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Int J Mol Med. 2000 Nov;6(5):521-6.

Curcumin inhibits lipoxygenase by binding to its central cavity: theoretical and X-ray evidence.

Author information

1
Instrumentation Center, College of Art and Sciences, The University of Toledo, Toledo, OH 43606, USA.

Abstract

Many lipoxygenase inhibitors including curcumin are currently being studied for their anti-carcinogenic properties. Curcumin is a naturally occurring polyphenolic phytochemical isolated from the powdered rhizome of the plant Curcuma longa that possesses anti-inflammatory properties and inhibits cancer formation in mice. Recently it was shown that the soybean lipoxygenase L1 catalyzed the oxygenation of curcumin and that curcumin can act as a lipoxygenase substrate. In the current study, we investigated the fate of curcumin when used as a soybean lipoxygenase L3 substrate. By use of X-ray diffraction and mass spectrometry, we found an unoccupied electron mass that appears to be an unusual degradation product of curcumin (4-hydroxyperoxy-2-methoxyphenol) located near the soybean L3 catalytic site. Understanding how curcumin inhibits lipoxygenase may help in the development of novel anti-cancer drugs used for treatment where lipoxygenases are involved.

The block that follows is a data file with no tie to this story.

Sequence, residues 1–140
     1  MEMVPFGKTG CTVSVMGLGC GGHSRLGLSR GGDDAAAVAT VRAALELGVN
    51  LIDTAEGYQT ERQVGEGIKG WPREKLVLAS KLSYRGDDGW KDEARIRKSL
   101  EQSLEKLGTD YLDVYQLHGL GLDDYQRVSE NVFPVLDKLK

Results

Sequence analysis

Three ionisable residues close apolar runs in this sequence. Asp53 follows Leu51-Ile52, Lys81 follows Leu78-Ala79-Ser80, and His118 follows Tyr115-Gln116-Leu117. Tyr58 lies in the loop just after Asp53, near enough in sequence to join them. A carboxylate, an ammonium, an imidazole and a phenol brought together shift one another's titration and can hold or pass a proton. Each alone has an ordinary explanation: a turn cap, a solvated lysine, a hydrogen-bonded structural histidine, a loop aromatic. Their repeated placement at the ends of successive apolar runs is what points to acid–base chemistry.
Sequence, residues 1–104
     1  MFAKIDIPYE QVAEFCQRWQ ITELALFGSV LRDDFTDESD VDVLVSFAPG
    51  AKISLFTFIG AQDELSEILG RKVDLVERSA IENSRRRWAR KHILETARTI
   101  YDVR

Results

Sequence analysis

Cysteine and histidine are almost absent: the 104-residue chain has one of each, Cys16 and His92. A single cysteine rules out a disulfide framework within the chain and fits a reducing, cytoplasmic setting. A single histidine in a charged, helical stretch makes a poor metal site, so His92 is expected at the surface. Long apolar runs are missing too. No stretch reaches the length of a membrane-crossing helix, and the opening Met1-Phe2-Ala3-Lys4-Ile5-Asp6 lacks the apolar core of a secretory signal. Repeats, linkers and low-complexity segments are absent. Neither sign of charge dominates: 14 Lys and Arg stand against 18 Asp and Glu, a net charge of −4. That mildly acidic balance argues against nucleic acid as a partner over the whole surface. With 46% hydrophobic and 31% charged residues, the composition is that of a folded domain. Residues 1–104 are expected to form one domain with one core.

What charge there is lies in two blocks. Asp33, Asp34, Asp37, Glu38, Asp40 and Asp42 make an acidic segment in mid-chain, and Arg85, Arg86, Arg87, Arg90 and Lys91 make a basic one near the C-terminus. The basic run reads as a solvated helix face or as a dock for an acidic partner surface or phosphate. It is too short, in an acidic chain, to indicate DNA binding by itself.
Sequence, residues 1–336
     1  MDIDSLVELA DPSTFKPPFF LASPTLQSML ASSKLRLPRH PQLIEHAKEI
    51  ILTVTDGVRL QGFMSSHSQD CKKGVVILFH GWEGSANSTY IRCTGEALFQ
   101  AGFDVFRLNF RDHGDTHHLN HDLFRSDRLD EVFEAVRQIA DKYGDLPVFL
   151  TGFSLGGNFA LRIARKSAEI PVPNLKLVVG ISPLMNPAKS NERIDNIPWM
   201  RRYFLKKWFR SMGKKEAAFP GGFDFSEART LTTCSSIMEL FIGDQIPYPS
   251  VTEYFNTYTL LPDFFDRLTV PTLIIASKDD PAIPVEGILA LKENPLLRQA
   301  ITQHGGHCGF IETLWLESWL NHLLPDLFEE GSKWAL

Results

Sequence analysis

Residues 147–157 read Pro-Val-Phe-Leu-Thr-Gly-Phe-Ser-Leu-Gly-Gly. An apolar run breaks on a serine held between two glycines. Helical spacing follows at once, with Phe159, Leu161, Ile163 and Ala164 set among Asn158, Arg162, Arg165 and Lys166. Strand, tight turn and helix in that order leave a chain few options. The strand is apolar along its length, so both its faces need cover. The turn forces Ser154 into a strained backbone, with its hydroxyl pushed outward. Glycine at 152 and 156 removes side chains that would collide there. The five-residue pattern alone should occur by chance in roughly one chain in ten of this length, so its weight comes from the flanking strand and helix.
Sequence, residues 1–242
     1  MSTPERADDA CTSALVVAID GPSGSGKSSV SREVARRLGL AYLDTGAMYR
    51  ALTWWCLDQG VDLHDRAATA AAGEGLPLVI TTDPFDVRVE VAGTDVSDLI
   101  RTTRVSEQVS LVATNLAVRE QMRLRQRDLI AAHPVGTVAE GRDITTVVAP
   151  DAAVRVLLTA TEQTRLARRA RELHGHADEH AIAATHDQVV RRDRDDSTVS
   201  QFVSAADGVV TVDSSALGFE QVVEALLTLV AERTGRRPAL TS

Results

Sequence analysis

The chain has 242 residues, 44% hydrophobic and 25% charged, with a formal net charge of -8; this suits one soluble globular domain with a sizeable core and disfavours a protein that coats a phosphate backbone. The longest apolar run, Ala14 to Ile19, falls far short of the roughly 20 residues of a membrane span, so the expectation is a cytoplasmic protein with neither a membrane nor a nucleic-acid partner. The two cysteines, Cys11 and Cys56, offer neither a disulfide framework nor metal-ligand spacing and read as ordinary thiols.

PMID:
11029517
DOI:
10.3892/ijmm.6.5.521
[Indexed for MEDLINE]

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